1. Map-side join - When the join is performed by the mapper, it is called as map-side join. In this type, the join is performed before data is actually consumed by the map function. It is mandatory that the input to each map is in the form of a partition and is in sorted order. Also, there must be an equal number of partitions and it must be sorted by the join key.

2. Reduce-side join - When the join is performed by the reducer, it is called as reduce-side join. There is no necessity in this join to have dataset in a structured form (or partitioned).

Here, map side processing emits join key and corresponding tuples of both the tables. As an effect of this processing, all the tuples with same join key fall into the same reducer which then joins the records with same join key.

Overall process flow is depicted in below diagram.

Hadoop MapReduce Tutorial: Counters & Joins with Example

MapReduce Hadoop Program To Join Data

Problem Statement:

There are 2 Sets of Data in 2 Different Files

Hadoop MapReduce Tutorial: Counters & Joins with Example

Hadoop MapReduce Tutorial: Counters & Joins with Example

The Key Dept_ID is common in both files.

The goal is to use MapReduce Join to combine these files

Input: Our input data set is a txt file, DeptName.txt & DepStrength.txt

Download Input Files From Here

Prerequisites:

  • This tutorial is developed on Linux - Ubuntu operating System.
  • You should have Hadoop (version 2.2.0 used for this tutorial) already installed.
  • You should have Java(version 1.8.0 used for this tutorial) already installed on the system.

Before we start with the actual process, change user to 'hduser' (user used for Hadoop ).

su - hduser_

Hadoop MapReduce Tutorial: Counters & Joins with Example

Steps:

Step 1) Copy the zip file to location of your choice

Hadoop MapReduce Tutorial: Counters & Joins with Example

Step 2) Uncompress the Zip File

sudo tar -xvf MapReduceJoin.tar.gz

Hadoop MapReduce Tutorial: Counters & Joins with Example

Step 3)

Go to directory MapReduceJoin/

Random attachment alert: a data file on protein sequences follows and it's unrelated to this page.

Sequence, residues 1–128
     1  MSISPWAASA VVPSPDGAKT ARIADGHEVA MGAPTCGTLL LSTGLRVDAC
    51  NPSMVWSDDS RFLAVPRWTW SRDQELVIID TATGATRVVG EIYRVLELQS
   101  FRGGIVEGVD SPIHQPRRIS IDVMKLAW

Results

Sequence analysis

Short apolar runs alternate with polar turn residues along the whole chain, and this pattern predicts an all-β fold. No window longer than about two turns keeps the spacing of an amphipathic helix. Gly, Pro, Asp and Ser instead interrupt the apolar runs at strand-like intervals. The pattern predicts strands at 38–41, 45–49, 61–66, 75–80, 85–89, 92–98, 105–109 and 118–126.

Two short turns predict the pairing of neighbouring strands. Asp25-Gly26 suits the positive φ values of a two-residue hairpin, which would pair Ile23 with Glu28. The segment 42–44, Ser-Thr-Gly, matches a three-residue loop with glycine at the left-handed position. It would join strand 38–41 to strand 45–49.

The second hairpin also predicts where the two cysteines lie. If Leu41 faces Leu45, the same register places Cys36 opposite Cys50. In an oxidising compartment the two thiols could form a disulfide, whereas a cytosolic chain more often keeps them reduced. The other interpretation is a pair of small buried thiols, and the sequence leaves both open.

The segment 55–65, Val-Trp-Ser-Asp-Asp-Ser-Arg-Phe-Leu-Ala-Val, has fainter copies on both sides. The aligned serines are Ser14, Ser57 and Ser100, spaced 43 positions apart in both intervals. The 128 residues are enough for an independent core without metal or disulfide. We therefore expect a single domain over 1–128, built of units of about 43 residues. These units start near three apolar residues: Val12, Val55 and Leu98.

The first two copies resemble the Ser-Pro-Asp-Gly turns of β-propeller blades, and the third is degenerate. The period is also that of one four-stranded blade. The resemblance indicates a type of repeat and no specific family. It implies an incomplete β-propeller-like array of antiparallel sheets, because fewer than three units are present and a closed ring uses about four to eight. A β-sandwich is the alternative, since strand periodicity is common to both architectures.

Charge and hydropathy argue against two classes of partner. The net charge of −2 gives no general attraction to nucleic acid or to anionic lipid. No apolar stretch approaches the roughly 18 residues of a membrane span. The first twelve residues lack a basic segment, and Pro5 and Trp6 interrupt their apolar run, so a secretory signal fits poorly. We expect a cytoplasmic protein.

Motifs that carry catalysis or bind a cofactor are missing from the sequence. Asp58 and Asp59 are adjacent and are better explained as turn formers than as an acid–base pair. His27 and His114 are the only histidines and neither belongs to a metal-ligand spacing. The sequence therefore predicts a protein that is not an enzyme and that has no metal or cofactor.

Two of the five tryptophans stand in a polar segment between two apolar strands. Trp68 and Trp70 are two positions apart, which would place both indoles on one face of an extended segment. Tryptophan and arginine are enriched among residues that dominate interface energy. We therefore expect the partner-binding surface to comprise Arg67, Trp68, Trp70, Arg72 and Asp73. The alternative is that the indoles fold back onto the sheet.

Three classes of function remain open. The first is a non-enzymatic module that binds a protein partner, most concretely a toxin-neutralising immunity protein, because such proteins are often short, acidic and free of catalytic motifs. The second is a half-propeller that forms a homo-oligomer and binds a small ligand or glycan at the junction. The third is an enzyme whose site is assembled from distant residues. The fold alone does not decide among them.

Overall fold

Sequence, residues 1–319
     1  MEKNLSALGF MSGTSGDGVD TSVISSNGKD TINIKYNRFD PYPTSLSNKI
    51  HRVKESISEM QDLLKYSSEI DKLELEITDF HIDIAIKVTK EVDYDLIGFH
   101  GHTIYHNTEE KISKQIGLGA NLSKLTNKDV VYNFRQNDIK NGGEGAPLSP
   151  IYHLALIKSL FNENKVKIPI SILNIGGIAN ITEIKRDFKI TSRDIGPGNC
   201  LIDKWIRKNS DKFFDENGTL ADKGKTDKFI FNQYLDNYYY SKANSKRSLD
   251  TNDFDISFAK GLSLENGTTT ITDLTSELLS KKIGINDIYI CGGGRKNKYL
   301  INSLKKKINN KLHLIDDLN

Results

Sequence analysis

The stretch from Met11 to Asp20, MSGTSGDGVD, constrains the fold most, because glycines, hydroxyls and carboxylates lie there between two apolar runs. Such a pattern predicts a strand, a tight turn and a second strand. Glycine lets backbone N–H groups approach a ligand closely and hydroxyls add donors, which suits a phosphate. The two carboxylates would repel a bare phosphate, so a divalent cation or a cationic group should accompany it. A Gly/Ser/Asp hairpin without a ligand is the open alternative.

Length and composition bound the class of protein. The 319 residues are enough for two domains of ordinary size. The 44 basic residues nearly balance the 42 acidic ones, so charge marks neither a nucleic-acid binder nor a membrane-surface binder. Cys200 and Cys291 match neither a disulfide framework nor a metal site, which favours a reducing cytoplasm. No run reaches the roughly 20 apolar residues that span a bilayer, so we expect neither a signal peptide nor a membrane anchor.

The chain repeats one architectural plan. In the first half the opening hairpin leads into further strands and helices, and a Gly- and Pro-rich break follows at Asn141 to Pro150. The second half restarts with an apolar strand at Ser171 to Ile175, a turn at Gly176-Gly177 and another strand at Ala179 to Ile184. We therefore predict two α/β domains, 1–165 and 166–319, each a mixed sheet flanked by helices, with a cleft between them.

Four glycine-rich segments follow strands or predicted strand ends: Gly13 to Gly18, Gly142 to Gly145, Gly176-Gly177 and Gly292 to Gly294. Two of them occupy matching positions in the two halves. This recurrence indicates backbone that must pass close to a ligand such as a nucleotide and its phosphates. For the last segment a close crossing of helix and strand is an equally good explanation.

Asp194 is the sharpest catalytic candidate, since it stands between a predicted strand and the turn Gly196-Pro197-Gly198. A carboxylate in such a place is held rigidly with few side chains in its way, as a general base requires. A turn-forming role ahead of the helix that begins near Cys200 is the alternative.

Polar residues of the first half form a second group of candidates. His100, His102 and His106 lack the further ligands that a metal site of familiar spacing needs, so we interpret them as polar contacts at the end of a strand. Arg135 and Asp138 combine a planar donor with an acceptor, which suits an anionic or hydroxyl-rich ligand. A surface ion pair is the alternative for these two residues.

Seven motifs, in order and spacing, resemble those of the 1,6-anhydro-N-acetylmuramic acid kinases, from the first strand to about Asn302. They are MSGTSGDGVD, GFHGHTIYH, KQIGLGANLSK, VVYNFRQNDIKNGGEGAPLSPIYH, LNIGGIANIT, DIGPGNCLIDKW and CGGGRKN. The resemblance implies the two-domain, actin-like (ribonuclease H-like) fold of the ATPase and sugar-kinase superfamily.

cd MapReduceJoin/

Hadoop MapReduce Tutorial: Counters & Joins with Example

Step 4) Start Hadoop

$HADOOP_HOME/sbin/start-dfs.sh

$HADOOP_HOME/sbin/start-yarn.sh

Hadoop MapReduce Tutorial: Counters & Joins with Example

Step 5) DeptStrength.txt and DeptName.txt are the input files used for this program.

These file needs to be copied to HDFS using below command-

$HADOOP_HOME/bin/hdfs dfs -copyFromLocal DeptStrength.txt DeptName.txt /

Hadoop MapReduce Tutorial: Counters & Joins with Example

Step 6) Run the program using below command-

$HADOOP_HOME/bin/hadoop jar MapReduceJoin.jar MapReduceJoin/JoinDriver/DeptStrength.txt /DeptName.txt /output_mapreducejoin

Hadoop MapReduce Tutorial: Counters & Joins with Example

Hadoop MapReduce Tutorial: Counters & Joins with Example

Step 7)

After execution, output file (named 'part-00000') will stored in the directory /output_mapreducejoin on HDFS

Results can be seen using the command line interface

$HADOOP_HOME/bin/hdfs dfs -cat /output_mapreducejoin/part-00000

Hadoop MapReduce Tutorial: Counters & Joins with Example

Results can also be seen via web interface as-

Hadoop MapReduce Tutorial: Counters & Joins with Example

Now select 'Browse the filesystem' and navigate upto /output_mapreducejoin

Hadoop MapReduce Tutorial: Counters & Joins with Example

Open part-r-00000

Hadoop MapReduce Tutorial: Counters & Joins with Example

Results are shown

Hadoop MapReduce Tutorial: Counters & Joins with Example

NOTE: Please note that before running this program for the next time, you will need to delete output directory /output_mapreducejoin

$HADOOP_HOME/bin/hdfs dfs -rm -r /output_mapreducejoin

Alternative is to use different name for output directory.